Jane Fonda, appearing in Huntington, NY at the Book Revue to promote her book, “Jane Fonda: My Life So Far,” was more than apologetic for her well known mistakes of the past. But that didn’t stop many (vets?) in the audience from heckling her and holding up signs expressing their disdain for her. Most of the audience, though, heckled right back at them and admonished them to leave the room. And the police officers in attendance told Sandy they had “patted them down” and not to worry: “They’re not a threat.”
Still, Jane stood her ground, albeit with arms folded, as if to protect her heart: “The image is what it is… but I’mso sorry” (she answered each of the hecklers and never once ignored or patronized them). We wondered if she was sorry that she’d been caught in the infamous photograph or if she was sorry for what most Americans perceived as her acting out against America and the proud vets who fought and many who gave their lives in the Vietnam war.
“I’m prepared to say I’m sorry and will do so until I die,” she reiterated with heartfelt intensity.
Sandy: “Please, Jane, let’s clear this up once and for all: tell us exactly what happened so we truly understand your intentions in Vietnam. After all, if Pope John Paul II went to the cell of his would-be assassin, after having been shot four times, and forgave him, surely we all can forgive you! Help us to understand.”
Jane was more than enthusiastic in her response, which included expressing many apologies and regrets, talking of Nixon and the war… She referred to passages of her book, which was obviously a labor of love and very intimately told.
You’ll not find any reference to “Hanoi” much less “Hanoi Jane” in the index of her book, but there is a chapter (Nine) called “Hanoi” that begins the explanation of her actions, which have been so well publicized, and often misunderstood since the ’60s. This chapter explains her frailty, brought on by bulimia, where she fractured her foot just upon arrival (alone, much to her dismay) to North Vietnam to act as an “eyewitness” for the American people. Literally a Kimberly Wells (i.e., “China Syndrome“) for her country – she went there to report via the radio and in the print press … “I have come to bear witness, and while I have not planned this, I feel it as a moral imperative,” she writes with great conviction.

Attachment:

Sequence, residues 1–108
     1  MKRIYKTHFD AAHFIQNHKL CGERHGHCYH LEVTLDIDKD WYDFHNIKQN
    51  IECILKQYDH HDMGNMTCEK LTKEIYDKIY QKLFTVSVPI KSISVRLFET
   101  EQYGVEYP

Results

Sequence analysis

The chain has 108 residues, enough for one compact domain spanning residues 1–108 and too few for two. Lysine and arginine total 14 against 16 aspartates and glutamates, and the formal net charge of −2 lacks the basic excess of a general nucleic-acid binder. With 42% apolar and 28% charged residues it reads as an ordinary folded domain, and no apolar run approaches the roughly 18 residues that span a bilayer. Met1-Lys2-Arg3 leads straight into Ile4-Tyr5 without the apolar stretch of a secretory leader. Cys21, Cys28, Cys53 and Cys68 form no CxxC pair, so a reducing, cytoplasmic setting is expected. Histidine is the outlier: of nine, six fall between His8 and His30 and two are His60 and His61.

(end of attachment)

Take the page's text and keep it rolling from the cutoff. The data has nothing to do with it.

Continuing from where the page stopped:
She was “filled with emotions — sorrow and guilt at what my government is doing, admiration at the way these people are getting on with their lives, and disbelief.” Filled with empathy for both sides. She goes on to tell of her heart-wrenching visits to some of the hospitals there (and we remember her role as the volunteer officer’s wife in the film, “Coming Home” for which she won an Academy Award).
Everything about her evokes memories of her movies. But what she spoke of on Sunday evening was anything but fiction. It isn’t until the chapter, “Bamboo,” where she deals with THE EVENT that brought her such notorious fame. “I do not stop to consider that this will have consequences for me later — especially since I know that other American travelers to Hanoi have spoken on Radio Hanoi. Some will later accuse me of treason for urging soldiers to desert–something I do not do.”
Asked about her spirituality/religion, she replied, “I was raised an atheist” but answered questions about her newfound Christianity by saying she’d discovered a deep reverence in her life and began filling herself with what she’d known from her culture (Christianity) instead of “filling emptiness with addictions.”
“Christianity has become too identified with judgmentalism, fundamentalism, self-righteousness…” she began, interrupted by a heckler who shouted sarcastically, “Oh, so now you’re speaking for Jesus, too?” …but she countered by joking, “I know… how can I be a Christian and be a feminist? I truly believe feminism and Christianity fit together just fine. We must teach men that women are not derivative.”
She spoke with obvious pain in her heart about her father (a la “On Golden Pond“), but with forgiveness and a touch of humor: “There has to be a statute of limitations on blaming your parents.” But spoke quite candidly about her bulimia when she emphasized, “To be loved, I had to be perfect. The struggle to be perfect is very toxic” and admitted she’d had a difficult confrontation with her father right there in Huntington in ’53-54 at Lloyd’s Neck that “infected me with the ‘disease to please.’” She cited the entire reason for writing her book was to “inoculate girls and boys against this ‘disease.’”
“Healing is taking place,” said Jane toward the end of her speech, and emphasized that on her tour, she valued most the responses from the Vietnam vets and said visiting with them meant the most to her and reiterated that she’d apologized to the vets each in person for her actions on that fateful day.
Asked about her stay in France, she said, “You’ve got to live abroad to understand what it means to be an American and how wonderful it is.”
Through the heckling mixed with adoration, she was clearly a woman on the mend, heart and soul, trying to make amends with the American people at the grassroots. “I’ve got to have hip replacement surgery shortly,” she added quite in passing (just another challenge that lies ahead) and, looking thin and frail, yet still quite beautiful, took the jabs and the jeers with the applause quite gracefully, stating, “I’m strong. I’m successful. It’s intimacy that’s difficult. It wasn’t until I was 60 that I discovered how to have a successful relationship with myself and this is just the beginning.”